Privatisation of the human right to water

As a result of the “Washington Consensus”, the alleged objective of which was to establish development-boosting economic policies in the 90s, many Latin American countries have found themselves landed with unpayable loans that have forced them to privatise their natural resources and place them in the hands of North-American and European multinationals. This was the logic that triggered Bolivia’s so-called “Water War” in 2000.

The way water is considered has changed throughout history, since Roman law considered it to be a common good, neither public nor private, but a heritage and property shared by all society, until finally its access was recognised as a human right due to its importance for basic survival.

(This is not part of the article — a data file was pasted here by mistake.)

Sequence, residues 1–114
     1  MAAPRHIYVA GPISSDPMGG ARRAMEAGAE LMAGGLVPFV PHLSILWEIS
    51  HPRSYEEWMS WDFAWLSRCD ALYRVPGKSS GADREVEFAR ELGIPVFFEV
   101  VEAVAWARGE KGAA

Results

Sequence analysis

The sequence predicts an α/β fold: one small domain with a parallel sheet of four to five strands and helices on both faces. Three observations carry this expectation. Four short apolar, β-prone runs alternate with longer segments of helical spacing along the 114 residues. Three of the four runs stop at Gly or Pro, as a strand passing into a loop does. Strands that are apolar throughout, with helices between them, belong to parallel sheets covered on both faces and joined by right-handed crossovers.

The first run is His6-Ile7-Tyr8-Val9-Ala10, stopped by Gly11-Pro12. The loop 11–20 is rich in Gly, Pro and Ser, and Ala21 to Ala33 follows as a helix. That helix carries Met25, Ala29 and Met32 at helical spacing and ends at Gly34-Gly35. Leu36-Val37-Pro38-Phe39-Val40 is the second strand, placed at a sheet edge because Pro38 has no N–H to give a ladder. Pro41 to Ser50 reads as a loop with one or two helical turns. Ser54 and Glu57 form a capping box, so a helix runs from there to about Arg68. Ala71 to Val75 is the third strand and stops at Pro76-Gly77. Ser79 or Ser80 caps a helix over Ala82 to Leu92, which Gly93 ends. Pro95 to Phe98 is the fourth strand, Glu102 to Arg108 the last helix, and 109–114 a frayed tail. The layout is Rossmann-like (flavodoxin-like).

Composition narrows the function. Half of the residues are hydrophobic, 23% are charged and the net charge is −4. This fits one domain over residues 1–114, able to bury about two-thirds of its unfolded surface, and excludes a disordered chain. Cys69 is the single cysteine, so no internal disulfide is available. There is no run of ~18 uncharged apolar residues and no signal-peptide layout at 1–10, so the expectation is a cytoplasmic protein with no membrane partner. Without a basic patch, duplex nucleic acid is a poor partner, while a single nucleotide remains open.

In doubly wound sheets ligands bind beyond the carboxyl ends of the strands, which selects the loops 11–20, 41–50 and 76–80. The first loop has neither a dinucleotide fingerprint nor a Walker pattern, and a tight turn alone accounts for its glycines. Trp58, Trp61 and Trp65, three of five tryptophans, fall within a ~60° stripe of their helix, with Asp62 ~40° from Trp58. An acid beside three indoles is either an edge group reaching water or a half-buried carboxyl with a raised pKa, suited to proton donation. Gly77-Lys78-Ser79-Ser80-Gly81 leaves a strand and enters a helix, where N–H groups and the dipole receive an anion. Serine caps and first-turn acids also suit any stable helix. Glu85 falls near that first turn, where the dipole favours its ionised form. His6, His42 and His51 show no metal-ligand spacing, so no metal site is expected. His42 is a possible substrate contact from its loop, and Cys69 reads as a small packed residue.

As stipulated in the seventh of the eight Millennium Development Goals agreed to by the greatest concentration of heads of state in history at the UN Millennium Summit of 2000, the undertaking is, by 2015, to reduce by half the proportion of people with no sustainable access to basic sanitation. However, now, when the International Decade for Action ‘Water for Life’ 2005-15 is underway, the reality, according to figures published by the WHO, is that 80% of all diseases in poor countries are caused by an insufficient supply of clean water and appropriate treatment. Every year 1.6 million people, particularly kids, die because of this shortage.

Film: Even the Rain (También la lluvia)

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